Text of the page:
Dietary silver nanoparticles can disturb the gut microbiota in miceReport as inadecuate




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Particle and Fibre Toxicology

, 13:38

First Online: 08 July 2016Received: 07 January 2016Accepted: 21 June 2016DOI: 10.1186-s12989-016-0149-1

Cite this article as: van den Brule, S., Ambroise, J., Lecloux, H. et al. Part Fibre Toxicol 2015 13: 38. doi:10.1186-s12989-016-0149-1

Abstract

BackgroundHumans are increasingly exposed via the diet to Ag nanoparticles NP used in the food industry. Because of their anti-bacterial activity, ingested Ag NP might disturb the gut microbiota that is essential for local and systemic homeostasis. We explored here the possible impact of dietary Ag NP on the gut microbiota in mice at doses relevant for currently estimated human intake.

MethodsMice were orally exposed to food pellets supplemented with increasing doses of Ag NP 0, 46, 460 or 4600 ppb during 28 d. Body weight, systemic inflammation and gut integrity were investigated to determine overall toxicity, and feces DNA collected from the gut were analyzed by Next Generation Sequencing NGS to assess the effect of Ag NP on the bacterial population. Ag NP were characterized alone and in the supplemented pellets by scanning transmission electron microscopy STEM and energy dispersive X-ray analysis EDX.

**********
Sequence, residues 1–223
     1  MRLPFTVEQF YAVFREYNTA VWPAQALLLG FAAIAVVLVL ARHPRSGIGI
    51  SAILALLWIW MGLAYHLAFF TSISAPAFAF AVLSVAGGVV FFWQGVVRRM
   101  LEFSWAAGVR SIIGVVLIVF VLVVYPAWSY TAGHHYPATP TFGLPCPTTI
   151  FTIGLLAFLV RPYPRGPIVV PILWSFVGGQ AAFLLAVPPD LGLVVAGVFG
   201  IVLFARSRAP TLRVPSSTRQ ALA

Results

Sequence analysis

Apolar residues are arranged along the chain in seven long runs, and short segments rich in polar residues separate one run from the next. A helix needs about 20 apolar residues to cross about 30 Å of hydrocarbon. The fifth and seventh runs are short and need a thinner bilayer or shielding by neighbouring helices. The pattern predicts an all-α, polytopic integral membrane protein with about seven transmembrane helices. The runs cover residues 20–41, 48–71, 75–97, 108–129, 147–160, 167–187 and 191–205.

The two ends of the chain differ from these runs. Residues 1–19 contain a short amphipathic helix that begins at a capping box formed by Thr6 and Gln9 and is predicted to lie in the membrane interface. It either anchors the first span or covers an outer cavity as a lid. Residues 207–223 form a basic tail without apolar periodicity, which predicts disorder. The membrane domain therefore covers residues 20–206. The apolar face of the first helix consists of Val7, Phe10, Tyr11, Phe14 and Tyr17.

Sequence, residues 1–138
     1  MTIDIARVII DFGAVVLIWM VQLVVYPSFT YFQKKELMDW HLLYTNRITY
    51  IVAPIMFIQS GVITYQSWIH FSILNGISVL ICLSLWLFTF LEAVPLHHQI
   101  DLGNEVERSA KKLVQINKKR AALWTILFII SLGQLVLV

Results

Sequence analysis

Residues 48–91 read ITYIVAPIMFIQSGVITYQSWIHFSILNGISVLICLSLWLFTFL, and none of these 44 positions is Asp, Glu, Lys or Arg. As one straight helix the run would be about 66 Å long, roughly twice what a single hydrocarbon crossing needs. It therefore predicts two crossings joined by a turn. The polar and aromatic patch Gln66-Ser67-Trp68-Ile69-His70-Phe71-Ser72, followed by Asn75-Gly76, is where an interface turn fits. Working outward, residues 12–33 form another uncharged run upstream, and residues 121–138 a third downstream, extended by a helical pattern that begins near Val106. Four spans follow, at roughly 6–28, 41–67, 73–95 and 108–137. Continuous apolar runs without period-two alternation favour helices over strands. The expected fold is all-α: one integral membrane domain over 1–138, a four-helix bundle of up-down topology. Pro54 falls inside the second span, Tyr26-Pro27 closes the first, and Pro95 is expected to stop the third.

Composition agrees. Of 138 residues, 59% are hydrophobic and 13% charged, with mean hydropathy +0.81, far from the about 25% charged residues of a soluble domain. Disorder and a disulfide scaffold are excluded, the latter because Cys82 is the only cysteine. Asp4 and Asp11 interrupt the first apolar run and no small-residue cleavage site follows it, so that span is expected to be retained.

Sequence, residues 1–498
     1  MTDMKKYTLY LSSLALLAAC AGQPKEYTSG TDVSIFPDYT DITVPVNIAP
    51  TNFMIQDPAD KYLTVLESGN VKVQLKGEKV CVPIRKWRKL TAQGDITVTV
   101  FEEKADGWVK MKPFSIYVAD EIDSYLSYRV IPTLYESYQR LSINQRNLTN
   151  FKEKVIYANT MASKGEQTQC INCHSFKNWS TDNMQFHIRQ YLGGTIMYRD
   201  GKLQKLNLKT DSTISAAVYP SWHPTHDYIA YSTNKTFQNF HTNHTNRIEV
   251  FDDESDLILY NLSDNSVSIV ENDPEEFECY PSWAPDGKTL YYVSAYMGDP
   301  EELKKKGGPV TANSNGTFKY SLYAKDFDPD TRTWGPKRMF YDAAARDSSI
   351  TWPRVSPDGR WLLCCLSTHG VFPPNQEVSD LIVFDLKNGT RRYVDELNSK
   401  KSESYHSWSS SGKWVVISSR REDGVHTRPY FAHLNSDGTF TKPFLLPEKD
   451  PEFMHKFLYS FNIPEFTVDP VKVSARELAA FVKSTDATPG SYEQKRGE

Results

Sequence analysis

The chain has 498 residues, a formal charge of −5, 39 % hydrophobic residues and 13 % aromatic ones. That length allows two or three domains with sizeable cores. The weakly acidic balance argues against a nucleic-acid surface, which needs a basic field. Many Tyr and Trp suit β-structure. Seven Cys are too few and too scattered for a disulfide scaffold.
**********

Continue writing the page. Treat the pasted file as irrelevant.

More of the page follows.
ResultsNo overall toxicity was recorded in mice exposed to Ag NP. Ag NP disturbed bacterial evenness α-diversity and populations β-diversity in a dose-dependent manner. Ag NP increased the ratio between Firmicutes F and Bacteroidetes B phyla. At the family level, Lachnospiraceae and the S24-7 family mainly accounted for the increase in Firmicutes and decrease in Bacteroidetes, respectively. Similar effects were not observed in mice identically exposed to the same batch of Ag NP-supplemented pellets aged during 4 or 8 months and the F-B ratio was less or not modified. Analysis of Ag NP-supplemented pellets showed that freshly prepared pellets released Ag ions faster than aged pellets. STEM-EDX analysis also showed that Ag sulfidation occurred in aged Ag NP-supplemented pellets.

ConclusionsOur data indicate that oral exposure to human relevant doses of Ag NP can induce microbial alterations in the gut. The bacterial disturbances recorded after Ag NP are similar to those reported in metabolic and inflammatory diseases, such as obesity. It also highlights that Ag NP aging in food, and more specifically sulfidation, can reduce the effects of Ag NP on the microbiota by limiting the release of toxic Ag ions.

KeywordsNanomaterials Toxicity Bacteria Dysbiosis Sulfidation Food NGS Electronic supplementary materialThe online version of this article doi:10.1186-s12989-016-0149-1 contains supplementary material, which is available to authorized users.

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Author: Sybille van den Brule - Jérôme Ambroise - Hélène Lecloux - Clément Levard - Romain Soulas - Pieter-Jan De Temmerman - M

Source: https://link.springer.com/







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